That is, if you measure from the center of the earth. This extinct stratovolcano is 20,549 feet above sea level, but because it lies on the equator in Ecuador, it sits in the maximum part of the Earth’s equatorial bulge. Its peak is the farthest from Earth’s center, and the closest point on our planet to the Sun. Measured from sea level, it is only the 37th highest in the Andes. Aconcagua in Chile at 22,283 feet is the highest.
The biggest mountain in the world by far is Denali, in Alaska. It is a “mere” 20,310 feet high, but it rises from a 2,000 foot base with an immense bulk that dwarfs all other mountains in the world. Denali means “the great one” in the indigenous Koyukon language. However…
If you include the undersea part of mountains, the Big Island of Hawai’i, topped by Mauna Kea at 13,803 feet above sea level, is even taller and bigger, rising more than 32,000 feet from the depths. In geologic terms it is a youngster, only about a million years old.
Join Holly Adams as she tells us about exploring an area that has been termed, “The Land of Fire and Ice”: Yellowstone N P in winter. Using a seasonal yurt camp in Canyon Village as a base, travel by snow coach and x-country skis to visit iconic landmarks such as the Upper Geyser Basin and Old Faithful and the Lower Falls of the Yellowstone River in snowy, winter solitude and without the hordes of summer tourists.
Travel by x-country skis into the backcountry to explore thermal areas and their mud pots, fumaroles, and geysers that are completely off-limit to the summer visitors. View plant and non-hibernating wildlife and discover adaptations that make survival in the subzero winters possible. Finally, return to the town of West Yellowstone to ski groomed areas – one which follows the Madison River back into a corner of the park.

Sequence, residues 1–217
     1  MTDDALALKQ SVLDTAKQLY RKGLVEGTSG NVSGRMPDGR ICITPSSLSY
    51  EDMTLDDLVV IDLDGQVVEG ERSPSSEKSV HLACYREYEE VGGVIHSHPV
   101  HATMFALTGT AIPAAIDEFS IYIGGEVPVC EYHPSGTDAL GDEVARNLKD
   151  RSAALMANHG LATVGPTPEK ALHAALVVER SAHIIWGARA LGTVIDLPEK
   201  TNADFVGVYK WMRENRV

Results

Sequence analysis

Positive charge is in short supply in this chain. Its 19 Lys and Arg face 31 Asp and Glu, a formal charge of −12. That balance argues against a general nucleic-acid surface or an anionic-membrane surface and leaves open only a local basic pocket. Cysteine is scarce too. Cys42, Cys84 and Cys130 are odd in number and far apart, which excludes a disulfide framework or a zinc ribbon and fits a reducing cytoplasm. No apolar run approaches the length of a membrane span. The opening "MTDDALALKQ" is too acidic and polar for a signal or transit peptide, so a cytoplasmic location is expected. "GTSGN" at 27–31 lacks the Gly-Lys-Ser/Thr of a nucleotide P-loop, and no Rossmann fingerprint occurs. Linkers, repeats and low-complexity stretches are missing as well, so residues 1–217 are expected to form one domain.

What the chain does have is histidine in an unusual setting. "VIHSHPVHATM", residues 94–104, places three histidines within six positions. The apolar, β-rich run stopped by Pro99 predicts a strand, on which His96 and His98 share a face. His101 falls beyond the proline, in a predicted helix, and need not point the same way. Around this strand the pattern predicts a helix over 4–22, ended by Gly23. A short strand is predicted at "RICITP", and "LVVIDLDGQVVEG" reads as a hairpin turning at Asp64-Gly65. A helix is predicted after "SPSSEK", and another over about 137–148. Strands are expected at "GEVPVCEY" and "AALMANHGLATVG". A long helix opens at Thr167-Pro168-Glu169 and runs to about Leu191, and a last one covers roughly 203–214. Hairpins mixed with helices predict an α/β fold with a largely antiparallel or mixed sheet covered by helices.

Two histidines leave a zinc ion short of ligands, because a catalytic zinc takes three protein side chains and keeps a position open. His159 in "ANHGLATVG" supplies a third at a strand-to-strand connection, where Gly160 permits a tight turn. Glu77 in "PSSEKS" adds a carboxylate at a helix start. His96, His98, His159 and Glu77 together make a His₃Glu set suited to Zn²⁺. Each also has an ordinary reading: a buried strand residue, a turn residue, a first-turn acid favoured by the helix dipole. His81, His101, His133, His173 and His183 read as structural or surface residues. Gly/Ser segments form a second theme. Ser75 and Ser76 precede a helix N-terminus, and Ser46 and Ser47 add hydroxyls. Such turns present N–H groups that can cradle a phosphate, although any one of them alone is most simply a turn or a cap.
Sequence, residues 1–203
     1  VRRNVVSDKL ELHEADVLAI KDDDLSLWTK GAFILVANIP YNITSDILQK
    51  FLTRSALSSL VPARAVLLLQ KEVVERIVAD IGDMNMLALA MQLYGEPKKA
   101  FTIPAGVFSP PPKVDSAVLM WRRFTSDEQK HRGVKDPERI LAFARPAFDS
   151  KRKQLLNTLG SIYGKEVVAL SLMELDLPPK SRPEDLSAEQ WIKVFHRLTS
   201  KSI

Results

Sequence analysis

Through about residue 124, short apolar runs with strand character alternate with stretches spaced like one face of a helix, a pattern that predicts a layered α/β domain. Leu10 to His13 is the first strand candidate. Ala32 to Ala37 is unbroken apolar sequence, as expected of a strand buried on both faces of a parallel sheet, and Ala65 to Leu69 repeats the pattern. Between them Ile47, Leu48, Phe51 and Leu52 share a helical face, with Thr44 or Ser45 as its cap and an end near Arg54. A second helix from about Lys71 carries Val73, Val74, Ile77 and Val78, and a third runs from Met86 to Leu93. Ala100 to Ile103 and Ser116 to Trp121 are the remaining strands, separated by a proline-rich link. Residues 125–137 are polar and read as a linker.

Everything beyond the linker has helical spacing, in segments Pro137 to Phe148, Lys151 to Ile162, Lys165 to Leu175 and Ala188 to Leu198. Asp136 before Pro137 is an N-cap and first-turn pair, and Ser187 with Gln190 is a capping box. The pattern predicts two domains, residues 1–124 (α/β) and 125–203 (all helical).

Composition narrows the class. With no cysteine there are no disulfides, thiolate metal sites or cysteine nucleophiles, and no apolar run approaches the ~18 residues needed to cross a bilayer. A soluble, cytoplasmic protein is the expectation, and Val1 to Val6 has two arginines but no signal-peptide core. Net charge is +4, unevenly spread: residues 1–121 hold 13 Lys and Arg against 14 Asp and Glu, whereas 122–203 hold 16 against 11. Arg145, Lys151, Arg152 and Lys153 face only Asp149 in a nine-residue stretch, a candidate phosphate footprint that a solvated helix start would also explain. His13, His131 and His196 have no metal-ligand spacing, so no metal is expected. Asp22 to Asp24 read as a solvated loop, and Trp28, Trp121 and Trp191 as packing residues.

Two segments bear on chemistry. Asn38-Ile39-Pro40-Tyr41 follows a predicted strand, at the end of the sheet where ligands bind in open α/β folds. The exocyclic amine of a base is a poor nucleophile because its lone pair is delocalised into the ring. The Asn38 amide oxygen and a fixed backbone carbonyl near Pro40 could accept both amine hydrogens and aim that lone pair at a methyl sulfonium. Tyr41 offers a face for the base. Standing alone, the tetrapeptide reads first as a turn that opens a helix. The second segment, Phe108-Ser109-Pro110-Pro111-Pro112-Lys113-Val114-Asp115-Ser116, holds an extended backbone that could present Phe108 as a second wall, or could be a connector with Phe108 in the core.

Information on upcoming outdoor events, conservation news and trail maintenance will be available. Everyone is welcome. Contact coordinator with any questions.
National Park Service released its Final Visitor Use Management Plan for Delaware Water Gap and Middle Delaware River which features no entrance fees for the Water Gap, multiple improvements and reserved riverside camping permits with daily fees.
Plan includes new camp sites, facilities, entrance fees.
The National Park Service has issued a draft Visitor Use
Management Plan for the Delaware Water Gap National Recreation Area and Middle
Delaware National Scenic and Recreational River. The draft plan is available
for public review and comment for until December 6, 2019 at their web site.
In addition proposing an to an entrance fee, which has yet to be
established, the plan also proposes a park-specific seven-day pass: $25 for a
vehicle, $15 for a person, and $20 for a motorcycle, and a $45 annual
pass. The new entrance fee would mean changes to existing amenity fees and the
park’s entrance stations. The plan calls for expansion and improvement of
visitor facilities and amenities, including additional river camp sites.
In addition to public comment submitted on line and by mail, there
will be two public meetings:
Thursday, October 24, 6 – 8 PM, Bushkill Volunteer Fire Company Hall, 124 Evergreen Drive, Bushkill, PA 18324
Saturday, October 26, 1-3 PM, Sussex County Technical School Auditorium, 105 North Church Road, Sparta, NJ 07871